BBC Newsnight’s House of Commons bullying and harassment exposé was “old-fashioned” journalism that involved speaking to more than 50 sources over five months, according to one of the journalists behind it.
Policy editor Christopher Cook told Press Gazette he had been trying to stand up “two or three stories about MPs” for 18 months when, amid the #MeToo movement gaining traction last autumn, a number of allegations of inappropriate behaviour and harassment swept Westminster.
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He decided it was time to “have another run” at the story, “because maybe people will speak now because they’ll feel that this is the moment”.
Working alongside producer Lucinda Day, under then acting Newsnight editor Jess Brammar, the team carried out interviews between November last year and March. They broadcast their findings on 8 March.
The story revealed a widespread problem of bullying and harassment in the House of Commons, including allegations against Speaker John Bercow and Labour MP Paul Farrelly.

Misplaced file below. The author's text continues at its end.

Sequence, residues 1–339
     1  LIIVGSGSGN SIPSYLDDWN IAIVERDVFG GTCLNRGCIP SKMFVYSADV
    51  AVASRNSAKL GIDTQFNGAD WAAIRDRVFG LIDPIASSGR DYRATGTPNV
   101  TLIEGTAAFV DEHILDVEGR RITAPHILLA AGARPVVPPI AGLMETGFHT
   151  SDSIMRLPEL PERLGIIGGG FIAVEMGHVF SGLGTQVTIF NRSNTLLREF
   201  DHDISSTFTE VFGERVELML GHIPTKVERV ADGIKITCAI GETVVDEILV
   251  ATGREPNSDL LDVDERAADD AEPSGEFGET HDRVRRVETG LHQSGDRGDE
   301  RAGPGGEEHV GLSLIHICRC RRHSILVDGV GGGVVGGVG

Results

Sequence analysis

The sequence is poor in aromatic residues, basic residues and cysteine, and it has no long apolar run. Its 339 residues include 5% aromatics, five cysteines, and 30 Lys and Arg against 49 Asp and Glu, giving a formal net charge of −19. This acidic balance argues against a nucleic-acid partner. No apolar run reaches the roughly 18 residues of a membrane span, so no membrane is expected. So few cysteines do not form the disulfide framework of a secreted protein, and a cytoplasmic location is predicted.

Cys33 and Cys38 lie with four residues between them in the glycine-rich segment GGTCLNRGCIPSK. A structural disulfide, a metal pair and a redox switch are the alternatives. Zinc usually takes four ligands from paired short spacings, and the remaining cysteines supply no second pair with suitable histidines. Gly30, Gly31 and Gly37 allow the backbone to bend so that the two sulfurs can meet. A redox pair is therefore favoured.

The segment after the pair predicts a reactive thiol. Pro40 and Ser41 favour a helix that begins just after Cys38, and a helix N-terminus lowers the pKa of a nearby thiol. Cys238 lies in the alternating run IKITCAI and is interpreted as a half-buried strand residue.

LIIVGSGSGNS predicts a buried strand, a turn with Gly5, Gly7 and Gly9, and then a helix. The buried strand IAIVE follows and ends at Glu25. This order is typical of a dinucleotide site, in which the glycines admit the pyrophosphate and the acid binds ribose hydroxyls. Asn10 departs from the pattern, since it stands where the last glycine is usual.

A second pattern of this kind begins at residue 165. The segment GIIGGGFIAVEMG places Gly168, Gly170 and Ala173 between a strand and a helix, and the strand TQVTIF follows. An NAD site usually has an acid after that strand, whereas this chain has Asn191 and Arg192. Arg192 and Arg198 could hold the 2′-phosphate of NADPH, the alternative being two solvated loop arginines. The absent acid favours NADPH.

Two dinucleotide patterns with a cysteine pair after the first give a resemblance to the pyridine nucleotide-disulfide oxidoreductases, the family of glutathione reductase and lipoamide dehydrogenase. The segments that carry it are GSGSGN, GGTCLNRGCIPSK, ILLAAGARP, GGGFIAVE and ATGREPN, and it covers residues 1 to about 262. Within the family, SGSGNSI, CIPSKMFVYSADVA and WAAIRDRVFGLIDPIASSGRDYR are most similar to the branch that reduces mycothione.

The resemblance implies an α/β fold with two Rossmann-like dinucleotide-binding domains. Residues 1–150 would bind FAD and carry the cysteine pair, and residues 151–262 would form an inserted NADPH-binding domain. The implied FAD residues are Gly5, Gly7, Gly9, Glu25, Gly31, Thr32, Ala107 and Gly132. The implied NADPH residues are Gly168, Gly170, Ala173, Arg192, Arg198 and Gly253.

Newsnight alleged that Bercow has a “reputation as a bully with staff” and that his private secretary from 2010 to 2011 was signed off sick due to his “bullying behaviour”.
A spokesperson for the Speaker told the BBC he “completely and utterly refutes the allegation that he behaved in such a manner, either eight years ago, or at any other time”.
Newsnight also reported that a number of complaints had been raised against Farrelly in relation to the bullying of committee clerks. He has denied bullying five women.
The claims resulted in an independent inquiry led by Dame Laura Cox, which concluded on Monday that the Commons is infused by a culture of “deference, subservience, acquiescence and silence in which bullying, harassment and sexual harassment have been able to thrive”.
Cook told Press Gazette that in the first 24 hours after broadcasting the story, the House of Commons tried to “minimise” it by focusing on a quote from a serving clerk who said she felt she was living in a “culture of fear”.
A Commons spokesperson told the BBC: “It is a grotesque exaggeration to suggest that members of the House of Commons service work in a ‘culture of fear’ in relation to dealing with bullying and harassment by MPs.